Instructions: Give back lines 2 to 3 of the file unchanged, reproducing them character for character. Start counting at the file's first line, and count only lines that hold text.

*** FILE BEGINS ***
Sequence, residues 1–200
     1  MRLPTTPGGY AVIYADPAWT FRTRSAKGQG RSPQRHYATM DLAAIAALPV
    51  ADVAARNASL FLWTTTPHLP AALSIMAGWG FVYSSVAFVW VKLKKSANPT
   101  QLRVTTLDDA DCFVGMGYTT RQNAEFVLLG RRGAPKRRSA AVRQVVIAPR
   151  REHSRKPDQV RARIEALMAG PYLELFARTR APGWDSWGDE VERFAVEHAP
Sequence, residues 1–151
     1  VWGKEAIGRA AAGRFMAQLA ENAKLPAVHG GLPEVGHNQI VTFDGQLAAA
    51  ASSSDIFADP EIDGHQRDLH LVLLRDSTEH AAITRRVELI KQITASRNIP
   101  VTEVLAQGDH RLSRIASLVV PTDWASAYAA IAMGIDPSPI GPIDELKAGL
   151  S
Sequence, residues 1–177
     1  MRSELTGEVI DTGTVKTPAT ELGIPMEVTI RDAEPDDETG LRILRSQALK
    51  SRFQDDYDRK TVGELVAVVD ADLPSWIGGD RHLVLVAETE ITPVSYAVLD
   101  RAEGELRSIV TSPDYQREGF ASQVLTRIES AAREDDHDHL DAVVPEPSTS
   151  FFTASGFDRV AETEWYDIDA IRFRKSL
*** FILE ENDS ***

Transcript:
     1  MRLPTTPGGY AVIYADPAWT FRTRSAKGQG RSPQRHYATM DLAAIAALPV
    51  ADVAARNASL FLWTTTPHLP AALSIMAGWG FVYSSVAFVW VKLKKSANPT